Come on into Mary Harding's Studio.
Mary is our BOC Spotlight Artist for April. Mary lives in upstate New York and her business is called Mary Harding Jewelry.What a lucky clay gal Mary is to have this marvelous remodeled barn studio. She says she works alone but her husband does have a workshop space here as well.
Mary has worked in clay since 1998 and she prefers earthenware clay. She fires her pieces at Cone 06 and has two digital kilns. Mary has the following to say about her firing process, " I make my pieces in a traditional fashion. The only difference is that I usually fire my pieces three times and all at cone 06. I do the bisque firing, then if I am using stains, I fire the stained pieces then I hand paint the pieces and glaze them and fire them again. Quite a few years ago, I fired my pieces up to four times adding coats and coats of stain as I went along. Since the stain smears easily, I found that firing the pieces with the stain was more successful for my methods."
When Mary searches for her muse, she finds it in nature. She lives in the country and she goes for walks in the pastures and woods.We have seen that natural beauty in her plant themed pendants.
As to who influenced her, Mary lists Melanie Brooks and her teacher Ann Burnham. She credits Beads of Clay as being a big influence in introducing her to clay talk and technique.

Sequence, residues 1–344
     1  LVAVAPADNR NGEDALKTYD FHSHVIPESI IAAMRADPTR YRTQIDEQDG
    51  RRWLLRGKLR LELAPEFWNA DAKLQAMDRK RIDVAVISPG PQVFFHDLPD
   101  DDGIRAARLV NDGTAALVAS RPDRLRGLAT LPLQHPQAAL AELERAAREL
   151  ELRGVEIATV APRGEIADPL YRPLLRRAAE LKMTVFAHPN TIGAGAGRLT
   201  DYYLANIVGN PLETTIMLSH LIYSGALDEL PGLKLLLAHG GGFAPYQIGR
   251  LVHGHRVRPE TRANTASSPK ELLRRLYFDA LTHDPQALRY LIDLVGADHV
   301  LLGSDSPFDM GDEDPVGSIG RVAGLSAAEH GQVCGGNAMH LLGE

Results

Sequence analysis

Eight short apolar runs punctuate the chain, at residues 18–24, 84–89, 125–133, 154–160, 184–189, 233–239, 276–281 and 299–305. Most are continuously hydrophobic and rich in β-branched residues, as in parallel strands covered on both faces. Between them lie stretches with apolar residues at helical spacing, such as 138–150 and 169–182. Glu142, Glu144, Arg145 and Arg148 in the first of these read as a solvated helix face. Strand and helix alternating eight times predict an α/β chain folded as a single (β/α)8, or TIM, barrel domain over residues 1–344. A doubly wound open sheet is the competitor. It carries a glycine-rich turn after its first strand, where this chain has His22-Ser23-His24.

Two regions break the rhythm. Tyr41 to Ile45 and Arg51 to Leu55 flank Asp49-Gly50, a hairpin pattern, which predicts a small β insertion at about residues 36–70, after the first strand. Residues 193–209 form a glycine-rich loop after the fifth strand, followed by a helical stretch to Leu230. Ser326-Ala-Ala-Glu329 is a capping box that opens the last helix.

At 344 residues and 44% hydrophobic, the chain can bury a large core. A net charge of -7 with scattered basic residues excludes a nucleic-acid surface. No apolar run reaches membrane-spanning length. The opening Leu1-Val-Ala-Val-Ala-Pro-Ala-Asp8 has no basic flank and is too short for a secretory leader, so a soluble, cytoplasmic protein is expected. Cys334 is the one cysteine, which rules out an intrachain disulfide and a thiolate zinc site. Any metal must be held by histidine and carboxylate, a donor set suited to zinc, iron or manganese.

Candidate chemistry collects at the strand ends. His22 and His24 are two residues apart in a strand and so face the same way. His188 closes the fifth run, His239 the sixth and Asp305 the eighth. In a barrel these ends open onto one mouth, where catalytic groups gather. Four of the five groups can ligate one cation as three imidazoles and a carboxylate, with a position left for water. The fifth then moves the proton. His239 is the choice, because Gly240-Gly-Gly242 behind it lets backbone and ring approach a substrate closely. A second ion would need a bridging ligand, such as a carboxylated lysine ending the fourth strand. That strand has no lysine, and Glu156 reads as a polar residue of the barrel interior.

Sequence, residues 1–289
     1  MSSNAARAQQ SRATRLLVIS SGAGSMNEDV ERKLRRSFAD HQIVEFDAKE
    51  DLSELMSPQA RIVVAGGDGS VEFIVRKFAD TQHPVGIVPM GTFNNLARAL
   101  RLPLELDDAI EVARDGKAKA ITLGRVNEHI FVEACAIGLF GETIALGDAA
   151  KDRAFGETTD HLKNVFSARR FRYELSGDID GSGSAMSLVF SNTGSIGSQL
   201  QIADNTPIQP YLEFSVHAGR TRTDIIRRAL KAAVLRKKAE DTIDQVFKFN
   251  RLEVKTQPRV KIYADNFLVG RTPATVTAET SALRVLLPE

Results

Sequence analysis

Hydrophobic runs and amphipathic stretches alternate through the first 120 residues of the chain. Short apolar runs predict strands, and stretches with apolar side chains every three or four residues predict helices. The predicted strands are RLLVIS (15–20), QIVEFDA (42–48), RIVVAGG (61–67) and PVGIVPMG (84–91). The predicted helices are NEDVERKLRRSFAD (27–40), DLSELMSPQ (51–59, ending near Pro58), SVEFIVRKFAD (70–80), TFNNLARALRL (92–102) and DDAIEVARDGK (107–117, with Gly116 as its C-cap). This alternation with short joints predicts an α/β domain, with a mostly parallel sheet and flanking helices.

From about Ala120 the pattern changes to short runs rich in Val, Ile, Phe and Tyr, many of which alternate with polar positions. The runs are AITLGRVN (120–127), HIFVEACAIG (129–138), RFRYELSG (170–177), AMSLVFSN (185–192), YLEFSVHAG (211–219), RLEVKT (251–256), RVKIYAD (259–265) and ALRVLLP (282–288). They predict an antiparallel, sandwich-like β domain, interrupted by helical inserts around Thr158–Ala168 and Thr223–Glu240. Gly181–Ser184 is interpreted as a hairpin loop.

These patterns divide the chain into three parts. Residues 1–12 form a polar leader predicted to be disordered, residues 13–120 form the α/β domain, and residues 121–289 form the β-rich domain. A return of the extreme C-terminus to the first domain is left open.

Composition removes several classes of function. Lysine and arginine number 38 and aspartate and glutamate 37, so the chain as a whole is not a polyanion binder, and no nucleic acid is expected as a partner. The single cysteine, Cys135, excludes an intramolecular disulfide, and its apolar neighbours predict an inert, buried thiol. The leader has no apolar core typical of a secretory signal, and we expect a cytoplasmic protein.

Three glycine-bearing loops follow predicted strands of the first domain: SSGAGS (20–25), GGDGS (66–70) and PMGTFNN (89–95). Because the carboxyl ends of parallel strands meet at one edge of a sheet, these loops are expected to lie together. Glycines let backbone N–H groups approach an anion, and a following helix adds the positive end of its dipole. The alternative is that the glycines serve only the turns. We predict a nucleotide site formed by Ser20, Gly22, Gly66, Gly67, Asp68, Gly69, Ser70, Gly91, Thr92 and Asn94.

Mary sells her charming pieces mostly on her website and in her ETSY shop. She also has work in several local shops as well as selling at her local arts council annual studio tour and at a local crafts show.
The following tips from Mary will be very helpful to new clay artists. She suggests becoming a member of the Beads of Clay Yahoo group and website. Talk to other artists, look at their work and develop your own style.
As to Mary's favorite piece of equipment, she loves the slab mats from Bailey's that she cuts up into small pieces. She also uses a plaster board for drying and a small toaster oven with a small piece of plaster board in the tray to hurry up the drying time. Mary says that the pieces stay flatter if she dries them this way. She usually lets them dry for 24-48 hours on the plaster board covered with a loosely draped piece of thin plastic. Once they are hardened they do very well in the toaster oven. She turns it up to about 200 degrees and turns it off and waits 30 minutes and does this several times. Then she flattens the bottoms on a screen and uses a fine sponge to smooth off all the edges and then back into toaster oven. Later she fires the pieces.
I want to thank Mary for this interview and for her generosity of spirit in helping other clay artists.